Explainable Recommendations in Intelligent Systems: Delivery Methods, Modalities and Risks
Journal: Lecture Notes in Business Information Processing
Volume: 385 LNBIP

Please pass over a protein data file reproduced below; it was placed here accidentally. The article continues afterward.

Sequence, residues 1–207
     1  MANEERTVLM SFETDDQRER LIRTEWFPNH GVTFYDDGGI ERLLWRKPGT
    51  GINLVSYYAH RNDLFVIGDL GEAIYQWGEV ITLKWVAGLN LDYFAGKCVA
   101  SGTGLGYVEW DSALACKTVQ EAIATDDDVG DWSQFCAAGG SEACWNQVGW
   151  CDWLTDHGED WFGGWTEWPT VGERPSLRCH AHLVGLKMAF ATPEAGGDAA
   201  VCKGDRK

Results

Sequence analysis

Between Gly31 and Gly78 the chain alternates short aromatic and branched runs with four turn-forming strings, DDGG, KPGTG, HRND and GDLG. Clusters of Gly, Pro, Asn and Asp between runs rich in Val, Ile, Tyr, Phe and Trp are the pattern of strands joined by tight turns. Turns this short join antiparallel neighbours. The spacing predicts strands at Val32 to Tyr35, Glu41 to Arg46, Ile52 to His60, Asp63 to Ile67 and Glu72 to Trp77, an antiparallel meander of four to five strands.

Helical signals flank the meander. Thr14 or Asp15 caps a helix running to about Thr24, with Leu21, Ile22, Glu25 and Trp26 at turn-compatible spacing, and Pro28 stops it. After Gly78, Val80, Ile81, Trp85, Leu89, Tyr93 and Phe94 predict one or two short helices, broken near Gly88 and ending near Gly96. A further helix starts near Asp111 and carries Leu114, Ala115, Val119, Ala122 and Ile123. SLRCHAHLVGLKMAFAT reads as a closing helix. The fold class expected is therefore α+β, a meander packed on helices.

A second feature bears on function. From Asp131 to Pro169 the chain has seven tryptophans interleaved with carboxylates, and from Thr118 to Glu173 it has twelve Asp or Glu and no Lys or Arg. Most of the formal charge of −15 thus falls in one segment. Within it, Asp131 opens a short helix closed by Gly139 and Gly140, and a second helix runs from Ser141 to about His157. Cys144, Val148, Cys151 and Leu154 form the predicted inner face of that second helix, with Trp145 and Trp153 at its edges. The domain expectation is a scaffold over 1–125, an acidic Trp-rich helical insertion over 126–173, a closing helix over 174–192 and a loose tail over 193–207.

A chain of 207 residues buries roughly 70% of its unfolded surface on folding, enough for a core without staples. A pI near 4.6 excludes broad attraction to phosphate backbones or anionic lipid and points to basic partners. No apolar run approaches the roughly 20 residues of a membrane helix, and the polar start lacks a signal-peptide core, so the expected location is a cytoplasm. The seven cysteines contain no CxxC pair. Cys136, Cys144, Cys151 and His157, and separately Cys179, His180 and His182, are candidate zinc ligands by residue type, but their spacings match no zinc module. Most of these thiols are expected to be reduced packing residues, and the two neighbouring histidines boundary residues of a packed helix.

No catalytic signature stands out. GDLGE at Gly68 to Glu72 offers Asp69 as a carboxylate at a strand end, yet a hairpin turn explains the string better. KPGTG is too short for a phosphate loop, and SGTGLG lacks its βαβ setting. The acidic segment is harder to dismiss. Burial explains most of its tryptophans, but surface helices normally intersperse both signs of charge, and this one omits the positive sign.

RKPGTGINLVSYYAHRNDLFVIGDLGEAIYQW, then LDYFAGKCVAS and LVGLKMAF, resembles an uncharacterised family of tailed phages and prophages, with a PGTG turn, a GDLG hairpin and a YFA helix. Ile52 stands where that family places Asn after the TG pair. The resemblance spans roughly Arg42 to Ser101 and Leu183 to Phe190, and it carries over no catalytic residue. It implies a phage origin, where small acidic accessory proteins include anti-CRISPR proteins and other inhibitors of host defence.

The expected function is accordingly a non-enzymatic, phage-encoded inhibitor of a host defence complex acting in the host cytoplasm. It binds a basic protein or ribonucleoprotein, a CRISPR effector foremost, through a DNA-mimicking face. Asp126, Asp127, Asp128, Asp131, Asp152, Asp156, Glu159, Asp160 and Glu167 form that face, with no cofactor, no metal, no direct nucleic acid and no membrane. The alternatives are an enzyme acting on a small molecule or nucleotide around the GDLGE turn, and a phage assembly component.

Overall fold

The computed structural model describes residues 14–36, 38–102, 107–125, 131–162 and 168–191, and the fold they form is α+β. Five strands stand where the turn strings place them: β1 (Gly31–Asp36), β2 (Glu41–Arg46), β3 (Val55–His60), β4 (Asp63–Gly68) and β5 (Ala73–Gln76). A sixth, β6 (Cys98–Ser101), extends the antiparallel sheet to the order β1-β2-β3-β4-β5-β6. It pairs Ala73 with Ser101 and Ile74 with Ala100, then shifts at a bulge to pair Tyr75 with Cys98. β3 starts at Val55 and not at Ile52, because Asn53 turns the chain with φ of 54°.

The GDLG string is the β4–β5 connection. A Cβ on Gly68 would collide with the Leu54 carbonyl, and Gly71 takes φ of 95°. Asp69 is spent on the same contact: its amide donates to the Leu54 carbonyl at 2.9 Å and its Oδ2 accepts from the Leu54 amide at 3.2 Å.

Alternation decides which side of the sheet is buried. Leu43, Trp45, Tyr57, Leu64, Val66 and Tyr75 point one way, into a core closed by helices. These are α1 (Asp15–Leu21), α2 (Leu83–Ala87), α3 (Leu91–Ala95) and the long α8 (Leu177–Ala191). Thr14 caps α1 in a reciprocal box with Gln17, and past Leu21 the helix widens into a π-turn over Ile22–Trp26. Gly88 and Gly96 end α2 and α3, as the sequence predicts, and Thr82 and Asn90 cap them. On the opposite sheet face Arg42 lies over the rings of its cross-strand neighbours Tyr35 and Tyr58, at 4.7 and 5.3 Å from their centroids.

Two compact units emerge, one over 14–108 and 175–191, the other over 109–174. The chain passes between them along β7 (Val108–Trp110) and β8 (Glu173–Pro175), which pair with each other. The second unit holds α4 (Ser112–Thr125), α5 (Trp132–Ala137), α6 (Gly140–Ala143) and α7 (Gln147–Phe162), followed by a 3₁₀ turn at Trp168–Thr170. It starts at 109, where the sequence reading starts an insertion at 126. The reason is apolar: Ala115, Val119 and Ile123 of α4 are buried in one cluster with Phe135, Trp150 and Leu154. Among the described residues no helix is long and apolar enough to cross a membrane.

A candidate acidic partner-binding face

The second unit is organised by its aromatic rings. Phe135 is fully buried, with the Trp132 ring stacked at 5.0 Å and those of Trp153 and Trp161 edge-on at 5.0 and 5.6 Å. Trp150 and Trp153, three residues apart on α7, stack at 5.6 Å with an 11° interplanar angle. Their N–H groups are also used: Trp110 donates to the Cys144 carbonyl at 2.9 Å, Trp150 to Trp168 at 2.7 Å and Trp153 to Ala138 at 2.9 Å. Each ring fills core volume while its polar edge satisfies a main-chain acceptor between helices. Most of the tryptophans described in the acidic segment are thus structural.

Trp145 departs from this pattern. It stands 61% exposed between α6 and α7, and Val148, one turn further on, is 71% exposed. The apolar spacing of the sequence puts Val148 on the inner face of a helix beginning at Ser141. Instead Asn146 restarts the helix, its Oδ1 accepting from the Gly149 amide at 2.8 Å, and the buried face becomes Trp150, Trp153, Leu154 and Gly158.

With the increase in data volume, velocity and types, intelligent human-agent systems have become popular and adopted in different application domains, including critical and sensitive areas such as health and security. Humans’ trust, their consent and receptiveness to recommendations are the main requirement for the success of such services. Recently, the demand on explaining the recommendations to humans has increased both from humans interacting with these systems so that they make an informed decision and, also, owners and systems managers to increase transparency and consequently trust and users’ retention. Existing systematic reviews in the area of explainable recommendations focused on the goal of providing explanations, their presentation and informational content. In this paper, we review the literature with a focus on two user experience facets of explanations; delivery methods and modalities. We then focus on the risks of explanation both on user experience and their decision making. Our review revealed that explanations delivery to end-users is mostly designed to be along with the recommendation in a push and pull styles while archiving explanations for later accountability and traceability is still limited. We also found that the emphasis was mainly on the benefits of recommendations while risks and potential concerns, such as over-reliance on machines, is still a new area to explore.